The method you employ to remove scratches from your car after it's been keyed depends on how deep the scratch goes. The first coat on top of your car's steel frame is a primer, which is followed by the actual colour coat and then a clear top coat. If the scratch went into the primer or the steel itself, you'll need to repaint the entire panel. However, if the scratch did not fully penetrate the colour, you may be able to buff the scratch out yourself.
Look into the scratch and check whether you can still see your car's colour. If you see steel, you may have to repaint the entire panel. If you see colour in all or part of the scratch, you can attempt to repair the damage yourself.
Rub a substance of a substantially different colour into the scratch. For example, rub black shoe polish into the scratch if your car is white. This will ensure that you don't sand down too far.
Attach the sandpaper to a sanding block. Dip the sandpaper into a solution of water and three drops of dish detergent.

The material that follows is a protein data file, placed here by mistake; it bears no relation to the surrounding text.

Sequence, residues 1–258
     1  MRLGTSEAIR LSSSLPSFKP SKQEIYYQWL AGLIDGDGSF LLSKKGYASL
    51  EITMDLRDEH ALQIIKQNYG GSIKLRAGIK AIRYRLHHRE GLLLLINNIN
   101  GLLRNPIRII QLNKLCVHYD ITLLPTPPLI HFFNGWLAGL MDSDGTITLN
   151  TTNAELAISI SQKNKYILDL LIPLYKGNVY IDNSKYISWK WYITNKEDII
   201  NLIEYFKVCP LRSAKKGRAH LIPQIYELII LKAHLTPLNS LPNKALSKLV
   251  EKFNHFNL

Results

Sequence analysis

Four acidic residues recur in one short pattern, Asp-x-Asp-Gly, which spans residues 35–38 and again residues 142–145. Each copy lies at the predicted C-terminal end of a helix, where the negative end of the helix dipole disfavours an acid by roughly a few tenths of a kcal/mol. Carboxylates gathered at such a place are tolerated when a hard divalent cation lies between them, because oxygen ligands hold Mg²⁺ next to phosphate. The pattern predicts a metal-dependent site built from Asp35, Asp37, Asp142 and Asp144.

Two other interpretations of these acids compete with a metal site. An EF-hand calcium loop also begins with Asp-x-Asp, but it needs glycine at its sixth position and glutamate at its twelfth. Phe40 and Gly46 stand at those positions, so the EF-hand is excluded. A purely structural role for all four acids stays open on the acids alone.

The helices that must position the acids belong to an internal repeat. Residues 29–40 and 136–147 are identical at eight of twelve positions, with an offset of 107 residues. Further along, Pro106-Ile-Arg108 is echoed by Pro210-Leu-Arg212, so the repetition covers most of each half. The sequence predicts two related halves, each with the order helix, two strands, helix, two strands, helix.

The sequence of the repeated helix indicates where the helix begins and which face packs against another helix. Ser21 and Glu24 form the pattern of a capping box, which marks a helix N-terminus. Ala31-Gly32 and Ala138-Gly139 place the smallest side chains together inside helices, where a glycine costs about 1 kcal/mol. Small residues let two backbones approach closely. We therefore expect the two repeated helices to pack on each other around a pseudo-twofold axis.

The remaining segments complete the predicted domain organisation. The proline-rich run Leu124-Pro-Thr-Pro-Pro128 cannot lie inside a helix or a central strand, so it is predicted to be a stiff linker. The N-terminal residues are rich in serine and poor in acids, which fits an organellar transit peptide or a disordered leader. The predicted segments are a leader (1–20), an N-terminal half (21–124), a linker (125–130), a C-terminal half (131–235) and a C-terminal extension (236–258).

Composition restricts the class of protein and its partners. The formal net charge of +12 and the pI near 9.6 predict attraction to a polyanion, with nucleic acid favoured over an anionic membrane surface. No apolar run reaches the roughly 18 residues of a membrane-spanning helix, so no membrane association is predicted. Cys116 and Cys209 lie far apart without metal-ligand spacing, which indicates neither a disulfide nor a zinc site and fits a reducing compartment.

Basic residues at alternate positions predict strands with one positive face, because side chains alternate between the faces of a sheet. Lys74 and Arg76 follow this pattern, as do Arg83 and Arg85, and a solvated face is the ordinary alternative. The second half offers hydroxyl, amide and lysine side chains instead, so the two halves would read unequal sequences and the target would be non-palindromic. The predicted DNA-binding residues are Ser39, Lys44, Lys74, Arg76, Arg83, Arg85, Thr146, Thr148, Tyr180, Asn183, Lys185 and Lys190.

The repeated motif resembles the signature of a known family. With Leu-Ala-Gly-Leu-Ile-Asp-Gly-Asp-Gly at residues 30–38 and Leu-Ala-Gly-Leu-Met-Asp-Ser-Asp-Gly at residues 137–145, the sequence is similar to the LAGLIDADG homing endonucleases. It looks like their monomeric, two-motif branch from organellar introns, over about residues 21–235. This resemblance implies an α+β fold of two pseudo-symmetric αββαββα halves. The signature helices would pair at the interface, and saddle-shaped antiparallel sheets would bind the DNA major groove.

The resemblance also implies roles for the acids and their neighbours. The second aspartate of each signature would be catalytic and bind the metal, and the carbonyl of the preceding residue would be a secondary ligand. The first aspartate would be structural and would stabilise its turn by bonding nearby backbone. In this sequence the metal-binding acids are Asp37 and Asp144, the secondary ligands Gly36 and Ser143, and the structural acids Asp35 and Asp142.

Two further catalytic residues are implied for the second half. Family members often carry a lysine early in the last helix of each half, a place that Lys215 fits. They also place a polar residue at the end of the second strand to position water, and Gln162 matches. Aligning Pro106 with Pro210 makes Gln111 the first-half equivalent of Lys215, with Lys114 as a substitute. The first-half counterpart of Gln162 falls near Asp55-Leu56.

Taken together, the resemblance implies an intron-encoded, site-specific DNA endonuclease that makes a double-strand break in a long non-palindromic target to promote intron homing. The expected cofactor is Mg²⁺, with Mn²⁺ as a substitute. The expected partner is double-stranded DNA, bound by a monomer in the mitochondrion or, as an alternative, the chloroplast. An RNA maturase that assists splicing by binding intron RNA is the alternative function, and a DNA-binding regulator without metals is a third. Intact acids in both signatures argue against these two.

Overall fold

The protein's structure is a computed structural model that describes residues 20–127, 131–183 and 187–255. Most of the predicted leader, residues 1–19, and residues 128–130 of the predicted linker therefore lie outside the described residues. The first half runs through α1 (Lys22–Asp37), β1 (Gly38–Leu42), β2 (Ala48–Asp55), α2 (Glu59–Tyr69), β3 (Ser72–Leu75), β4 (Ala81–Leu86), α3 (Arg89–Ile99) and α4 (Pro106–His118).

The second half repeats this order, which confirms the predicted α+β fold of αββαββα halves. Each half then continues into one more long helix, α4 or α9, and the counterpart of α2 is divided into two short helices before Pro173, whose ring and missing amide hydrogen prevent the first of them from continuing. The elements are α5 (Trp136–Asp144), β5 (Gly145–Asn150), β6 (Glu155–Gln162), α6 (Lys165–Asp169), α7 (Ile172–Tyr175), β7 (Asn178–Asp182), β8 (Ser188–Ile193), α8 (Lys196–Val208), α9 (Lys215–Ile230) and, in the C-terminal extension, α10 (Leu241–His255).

Sand at a 60-degree angle to the scratch, moving along the length of the scratch. Wet the sandpaper frequently between strokes. Continue until you no longer see the substance -- shoe polish in this case -- that you rubbed into the scratch. Be careful not to sand through the paint colour.
Look at the dishwater: If you see colour, you sanded through the top clearcoat and will need to apply a new layer of clearcoat.
Dry the scratch with a hair dryer, heat gun or out in the open air.
Squeeze rubbing compound on to the scratch. Polish the scratch with a cloth, by hand, or with a polishing wheel. Be careful not to polish through the paint layer.
Wipe away any remaining rubbing compound with a cloth.
Wax your entire car after repairing the scratch, for the best results.
Tips and warnings
- Wax your entire car after repairing the scratch, for the best results.
Things you need
- 2,000- to 3,000-grit ultrafine wet/dry sandpaper
- Sanding block
- Dish detergent
- Hair dryer or heat gun